• That he was too important and too busy to check for plagiarism in his work or the work of anyone else

However, his most bizarre argument was that he was not responsible for the plagiarism and, instead, it had been ghostwritten by an unnamed “medical writer.” 

Woo wrote back challenging Loffroy’s claims, though it’s unclear if Loffroy has written back. Loffroy did not respond to requests for comment by Retraction Watch. 

To call this case bizarre is an understatement, but it’s not the first time that we’ve seen these arguments made, in particular when it comes to blaming a ghostwriter.

The Ghostwriter Did It

The idea of blaming a ghostwriter for plagiarism is not a new one. In fact, it’s a surprisingly common deflection or excuse given for plagiarism outside of academia. 

Back in March, this excuse came out in full force during a plagiarism scandal involving a book written by celebrity physician Dr. David Agus. Though, initially, he took blame for the issues, as more allegations piled up, his ghostwriter, Kristin Loberg, acknowledged the issues and even said Agus was not to blame. Agus also placed the blame squarely on her.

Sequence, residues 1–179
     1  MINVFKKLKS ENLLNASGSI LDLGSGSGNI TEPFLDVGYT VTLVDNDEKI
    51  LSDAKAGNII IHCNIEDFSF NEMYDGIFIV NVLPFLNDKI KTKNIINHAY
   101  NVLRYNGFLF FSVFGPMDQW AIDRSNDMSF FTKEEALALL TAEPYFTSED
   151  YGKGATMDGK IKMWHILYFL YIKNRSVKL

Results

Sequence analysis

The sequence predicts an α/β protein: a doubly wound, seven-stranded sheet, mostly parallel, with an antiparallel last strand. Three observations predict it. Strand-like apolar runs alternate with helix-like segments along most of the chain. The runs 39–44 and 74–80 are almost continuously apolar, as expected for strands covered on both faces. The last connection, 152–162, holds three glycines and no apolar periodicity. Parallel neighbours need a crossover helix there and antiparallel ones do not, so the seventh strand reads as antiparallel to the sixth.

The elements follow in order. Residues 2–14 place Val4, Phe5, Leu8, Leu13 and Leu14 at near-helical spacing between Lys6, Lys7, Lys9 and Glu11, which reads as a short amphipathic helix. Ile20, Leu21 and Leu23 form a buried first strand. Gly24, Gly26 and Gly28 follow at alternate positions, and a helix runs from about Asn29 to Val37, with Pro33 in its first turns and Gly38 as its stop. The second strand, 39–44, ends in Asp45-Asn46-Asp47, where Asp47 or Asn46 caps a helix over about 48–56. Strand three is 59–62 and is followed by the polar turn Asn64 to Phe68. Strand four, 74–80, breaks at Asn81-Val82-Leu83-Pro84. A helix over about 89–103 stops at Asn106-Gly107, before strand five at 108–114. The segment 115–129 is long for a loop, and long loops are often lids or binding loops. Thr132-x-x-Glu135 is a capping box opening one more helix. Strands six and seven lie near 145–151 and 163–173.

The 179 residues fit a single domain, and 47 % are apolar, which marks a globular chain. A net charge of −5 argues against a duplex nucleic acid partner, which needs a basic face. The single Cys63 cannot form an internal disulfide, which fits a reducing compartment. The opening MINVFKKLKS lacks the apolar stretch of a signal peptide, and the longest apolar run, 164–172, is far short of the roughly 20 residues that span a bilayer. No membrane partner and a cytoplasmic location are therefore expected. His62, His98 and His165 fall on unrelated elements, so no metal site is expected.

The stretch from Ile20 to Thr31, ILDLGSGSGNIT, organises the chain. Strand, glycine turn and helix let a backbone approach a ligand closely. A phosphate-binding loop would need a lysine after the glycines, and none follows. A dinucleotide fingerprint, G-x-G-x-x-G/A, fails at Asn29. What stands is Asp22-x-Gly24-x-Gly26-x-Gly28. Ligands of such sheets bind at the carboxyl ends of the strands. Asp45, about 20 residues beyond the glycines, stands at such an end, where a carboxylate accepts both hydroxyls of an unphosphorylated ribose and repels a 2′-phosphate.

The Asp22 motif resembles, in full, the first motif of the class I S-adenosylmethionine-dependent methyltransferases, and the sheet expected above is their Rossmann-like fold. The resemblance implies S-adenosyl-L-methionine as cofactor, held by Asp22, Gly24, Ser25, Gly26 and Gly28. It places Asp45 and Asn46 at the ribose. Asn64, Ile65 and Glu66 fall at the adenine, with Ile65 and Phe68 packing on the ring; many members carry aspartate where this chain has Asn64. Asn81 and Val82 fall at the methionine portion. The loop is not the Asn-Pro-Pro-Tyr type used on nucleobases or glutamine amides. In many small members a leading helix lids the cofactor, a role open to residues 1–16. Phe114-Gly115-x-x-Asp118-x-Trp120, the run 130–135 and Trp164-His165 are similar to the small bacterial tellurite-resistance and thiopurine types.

However, perhaps the most infamous of such cases as the Cristiane Serruya from February 2019

Serruya was a romance author who had published more than 30 books. Fellow romance authors began to find examples of verbatim plagiarism in her work, prompting them to dig deeper and find more and more examples.

When confronted with the issues, Serruya deflected and instead blamed a ghostwriter that she had hired from the freelancer site Fiverr. However, that only caused the backlash to get more intense as authors realized she didn’t write her own books.

Serruya’s books were quickly taken down, and she ended up drawing a lawsuit from industry icon Nora Roberts, one of the authors she had plagiarized.

However, we don’t see this excuse nearly as often in academic publishing. The reason is that, while there are definitely environments where using a ghostwriter is acceptable, academic publishing typically isn’t one of them.